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Fort Prov hired a dog catcher. Only ‘The Legend’ got away

A dog waits to be bailed out of the Fort Providence pound. Facebook
A dog waits to be bailed out of the new Fort Providence pound.

People in Fort Providence used to walk around the hamlet holding sticks in case loose dogs chased them.

Now, one week since the appointment of an official dog catcher, some are instead walking with dogs on leashes – which Mayor Danny Beaulieu says he has never previously seen in the community.

Fort Providence councillors plan to have a dog pound built once the snow melts. For now, ‘impounded’ dogs are rooming at Beaulieu’s sled dog kennel.

“They have a lot of company,” said the mayor, who is a well-known dog musher.



A volunteer posts photos of captured dogs on the community’s Facebook bulletin board so people know to come collect them.

If loose dogs are not claimed – it costs $50 to bail out a dog – then, after a week, they are sent to the NWT SPCA in Yellowknife for re-homing.

The new dog catcher started on Monday.

He spent his first day driving around the hamlet, warning people he was about to start collecting stray dogs.



He then set live traps outside Deh Gáh School and the Northern Store – understood to be the main hangout spots for loose dogs in town.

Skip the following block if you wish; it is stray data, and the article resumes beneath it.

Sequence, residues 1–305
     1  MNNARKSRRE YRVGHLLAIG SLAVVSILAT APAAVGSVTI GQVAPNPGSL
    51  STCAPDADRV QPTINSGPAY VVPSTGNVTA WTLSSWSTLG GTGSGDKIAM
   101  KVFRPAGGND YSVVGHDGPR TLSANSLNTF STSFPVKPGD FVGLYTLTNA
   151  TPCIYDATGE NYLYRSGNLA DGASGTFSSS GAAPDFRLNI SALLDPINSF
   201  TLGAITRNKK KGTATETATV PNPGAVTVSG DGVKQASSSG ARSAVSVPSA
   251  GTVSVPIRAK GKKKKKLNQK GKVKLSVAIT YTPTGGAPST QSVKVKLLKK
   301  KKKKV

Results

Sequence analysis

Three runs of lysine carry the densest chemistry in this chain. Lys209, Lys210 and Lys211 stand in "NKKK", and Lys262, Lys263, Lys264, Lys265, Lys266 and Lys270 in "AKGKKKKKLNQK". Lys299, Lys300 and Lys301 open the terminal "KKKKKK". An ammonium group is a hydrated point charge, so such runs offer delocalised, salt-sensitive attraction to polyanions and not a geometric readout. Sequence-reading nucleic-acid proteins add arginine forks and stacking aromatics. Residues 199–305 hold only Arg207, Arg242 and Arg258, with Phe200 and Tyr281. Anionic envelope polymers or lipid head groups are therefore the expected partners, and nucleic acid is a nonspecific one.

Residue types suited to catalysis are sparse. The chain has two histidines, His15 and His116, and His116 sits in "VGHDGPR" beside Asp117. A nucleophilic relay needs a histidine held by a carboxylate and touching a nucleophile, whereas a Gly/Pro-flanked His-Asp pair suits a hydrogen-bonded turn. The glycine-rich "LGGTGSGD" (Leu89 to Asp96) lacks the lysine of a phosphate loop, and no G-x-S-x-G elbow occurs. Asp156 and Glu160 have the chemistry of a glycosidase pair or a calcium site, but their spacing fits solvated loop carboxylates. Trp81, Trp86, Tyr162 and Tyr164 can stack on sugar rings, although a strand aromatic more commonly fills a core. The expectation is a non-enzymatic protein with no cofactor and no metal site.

By Tuesday morning, most dogs were tied up. However, the dog catcher had still caught five dogs by Friday evening.

“The dog catcher is out all weekend too,” cautioned Beaulieu.

As of Friday, two dogs had been bailed out. Two were still at the makeshift pound. One had escaped.

“They call him ‘The Legend,’” said Beaulieu.

“He got away from us. He tore through the fence and released himself.”

The Legend is 10 years old and walks with a limp. He slipped his collar to get away.

Above left: Believed last known image of dog known only as The Legend.
Above right: Bruce Willis in Die Hard with a Vengeance, for reference.



“He went home … he didn’t have to pay,” Beaulieu laughed.

Less than a week after the dog catcher started, the mayor has already noted a difference in the town.

“It’s really nice in town now. You hardly see any dogs around,” he said.

“People value keeping their dogs.”